A stunning collaboration between Jobim and legendary MPB-jazz vocalist, Elis Regina. Features the definitive version of Jobim&#39;s "Aguas de Marco", and some of the nicest, most tasteful music of his career. One of those sublime, perfect, magic albums that has a life of its own; for my money, it&#39;s the best album either one of them recorded. Why couldn&#39;t more of his albums approached this level of greatness?

    Nara Leao "Dez Anos Depois" (Philips, 1971)
    A 2-LP collection of the same-old bossa nova classics, EXCEPT that Leao manages somehow to place a very distinctive stamp on them all. Perhaps is has something to do with the sessions recorded in France -- a euro-chanson sensibility, perhaps? At any rate, the spare arrangements and distinctive acoustic guitar accompaniment by Tuca make this one of the best latter-day bossa nova records out there. If perhaps you&#39;ve ever wearied of hearing the same damn Jobim songs over and over, give this album a try... it may make the classics seems fresh again&#33;

    Carlos Lyra "Carlos Lyra" (Philips, 1960)
    Carlos Lyra "Bossa Nova" (Philips, 1961)

    Early on, the whispery, suave singer-songwriter Carlos Lyra gave Joao Gilberto a run for his money in the cool department. The production on these albms may have been cornier than it needed to be -- Lyra&#39;s coolness tends to get lost on the poppier and more ornate numbers, but not always. Some touches, like the woodwinds and reeds, are distracting, though not disasterous. Lyra sounds a lot like the young Chico Buarque (or is that putting the cart before the horse?) -- cool, reserved, but intimate and kinda sexy. These two albums have been reissued in Japan on a single CD -- Bossa Nova is my favorite, with similar terrain but a little more accomplished and relaxed, and less corny. Includes plenty of great Lyra compositions, especially "Coisa Mais Linda," "Voce E Eu," "Caminho do Adeus," "Maria Niguem," and "O Bem do Amor". Quite nice.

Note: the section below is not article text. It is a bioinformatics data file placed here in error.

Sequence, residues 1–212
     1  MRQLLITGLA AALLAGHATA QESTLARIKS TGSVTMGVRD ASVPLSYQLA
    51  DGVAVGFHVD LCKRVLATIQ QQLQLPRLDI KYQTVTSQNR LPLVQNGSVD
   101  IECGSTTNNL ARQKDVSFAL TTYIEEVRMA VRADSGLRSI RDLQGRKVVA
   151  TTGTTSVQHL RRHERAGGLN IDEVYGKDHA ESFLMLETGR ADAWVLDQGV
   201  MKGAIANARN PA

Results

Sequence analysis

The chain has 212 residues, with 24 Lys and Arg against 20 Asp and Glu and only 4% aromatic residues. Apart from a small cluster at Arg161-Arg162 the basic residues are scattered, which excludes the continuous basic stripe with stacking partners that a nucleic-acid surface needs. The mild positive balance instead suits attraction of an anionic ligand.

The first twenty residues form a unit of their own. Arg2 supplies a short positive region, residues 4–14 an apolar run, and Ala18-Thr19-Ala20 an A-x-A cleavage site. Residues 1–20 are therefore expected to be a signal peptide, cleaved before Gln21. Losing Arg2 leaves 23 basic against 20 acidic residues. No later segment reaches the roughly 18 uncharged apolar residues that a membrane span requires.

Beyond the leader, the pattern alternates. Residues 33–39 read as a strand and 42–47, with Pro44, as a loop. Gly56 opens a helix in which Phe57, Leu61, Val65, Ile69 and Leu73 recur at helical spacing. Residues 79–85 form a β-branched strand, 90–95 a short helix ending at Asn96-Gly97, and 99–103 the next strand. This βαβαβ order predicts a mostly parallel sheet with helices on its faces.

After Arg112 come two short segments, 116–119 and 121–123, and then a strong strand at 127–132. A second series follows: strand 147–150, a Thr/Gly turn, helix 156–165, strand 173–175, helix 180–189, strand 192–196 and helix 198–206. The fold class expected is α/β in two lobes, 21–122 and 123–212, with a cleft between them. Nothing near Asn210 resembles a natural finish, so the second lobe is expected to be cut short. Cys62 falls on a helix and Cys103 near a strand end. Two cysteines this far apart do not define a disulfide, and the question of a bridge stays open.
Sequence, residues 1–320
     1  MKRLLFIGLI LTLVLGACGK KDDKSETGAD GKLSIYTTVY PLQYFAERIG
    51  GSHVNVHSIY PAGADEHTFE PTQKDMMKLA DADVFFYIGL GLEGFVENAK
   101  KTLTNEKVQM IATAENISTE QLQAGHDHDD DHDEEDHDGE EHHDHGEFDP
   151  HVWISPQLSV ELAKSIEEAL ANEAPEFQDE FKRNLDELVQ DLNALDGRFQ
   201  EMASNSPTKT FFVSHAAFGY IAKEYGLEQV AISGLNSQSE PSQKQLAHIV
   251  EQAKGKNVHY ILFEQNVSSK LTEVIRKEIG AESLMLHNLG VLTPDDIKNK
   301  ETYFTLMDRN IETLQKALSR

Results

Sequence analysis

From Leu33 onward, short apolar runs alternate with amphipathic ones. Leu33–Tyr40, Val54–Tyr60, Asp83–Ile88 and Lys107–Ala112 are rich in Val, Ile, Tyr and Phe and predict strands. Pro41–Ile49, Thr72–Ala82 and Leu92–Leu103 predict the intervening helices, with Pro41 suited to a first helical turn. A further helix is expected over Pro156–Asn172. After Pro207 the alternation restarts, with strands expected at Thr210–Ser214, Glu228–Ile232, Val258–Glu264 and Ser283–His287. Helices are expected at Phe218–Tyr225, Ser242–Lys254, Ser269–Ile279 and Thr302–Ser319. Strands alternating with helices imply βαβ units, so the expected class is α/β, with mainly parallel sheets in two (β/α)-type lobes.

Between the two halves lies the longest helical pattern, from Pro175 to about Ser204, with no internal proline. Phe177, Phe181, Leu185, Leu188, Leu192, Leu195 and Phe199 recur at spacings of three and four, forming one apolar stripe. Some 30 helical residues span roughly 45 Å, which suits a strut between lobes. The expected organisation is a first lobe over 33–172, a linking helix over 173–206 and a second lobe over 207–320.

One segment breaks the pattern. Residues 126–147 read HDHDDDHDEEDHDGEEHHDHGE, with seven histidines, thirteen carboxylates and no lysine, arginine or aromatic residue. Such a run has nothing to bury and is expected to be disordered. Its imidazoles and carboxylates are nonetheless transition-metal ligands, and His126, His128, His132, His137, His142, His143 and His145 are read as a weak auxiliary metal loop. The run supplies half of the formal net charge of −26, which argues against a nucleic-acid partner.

Carlos Lyra/Paul Winter "The Sound Of Ipanema" (Columbia, 1964)

    Great album&#33; Yankee jazzman Paul Winter&#39;s saxophone accompaniment here is understated, though a bit staid. What makes this record so sweet, though, is Lyra&#39;s gorgeous guitar and intimate vocals, as well as all the great songs he wrote. Sergio Mendes and Milton Banana sit in on piano and drums, respectively, and though Winter is slightly less swinging than the "authentic" bossa musicians, this is quite a nice little record. Sadly, it&#39;s also out of print, except as a super-pricey Japanese import.

    Vinicius De Moraes/Odette Lara "Vinicius + Odette Lara" (Elenco/Polygram, 1963)
    Bossa nova with a playful edge. Poet/songwriter Vinicius de Moraes, sort of a bossa Beatnik, is teamed up with actress Odette Lara, who acquits herself quite well in the role of Brazil&#39;s Brigitte Bardot. Vinicius&#39; vocals are whisper-y, conversational and penetrating, and Lara&#39;s are appropriately lush and sultry -- on duets, their voices don&#39;t always mesh, but since they mostly trade off on the songs, it doesn&#39;t matter much. Features the tune, "Berimbau", which is credited with helping re-popularize the twangy folk instrument of the same name. Strong arrangements and solid delivery make this one worth checking out.

    I love this stuff&#33; Can you tell?

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  5. Music   -   #5
    mogadishu's Avatar {}"_++()_><.,{}}[":+
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    thank you, thank you, thank you&#33;.. My god, what a reply.
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  6. Music   -   #6
    CrumbCat's Avatar Cachaça or Cachaça
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    You hit my weak spot

    Hope some other members give the music a try - jetje has, and he likes it. tianup likes it as well, although I haven&#39;t seen him around here in a while.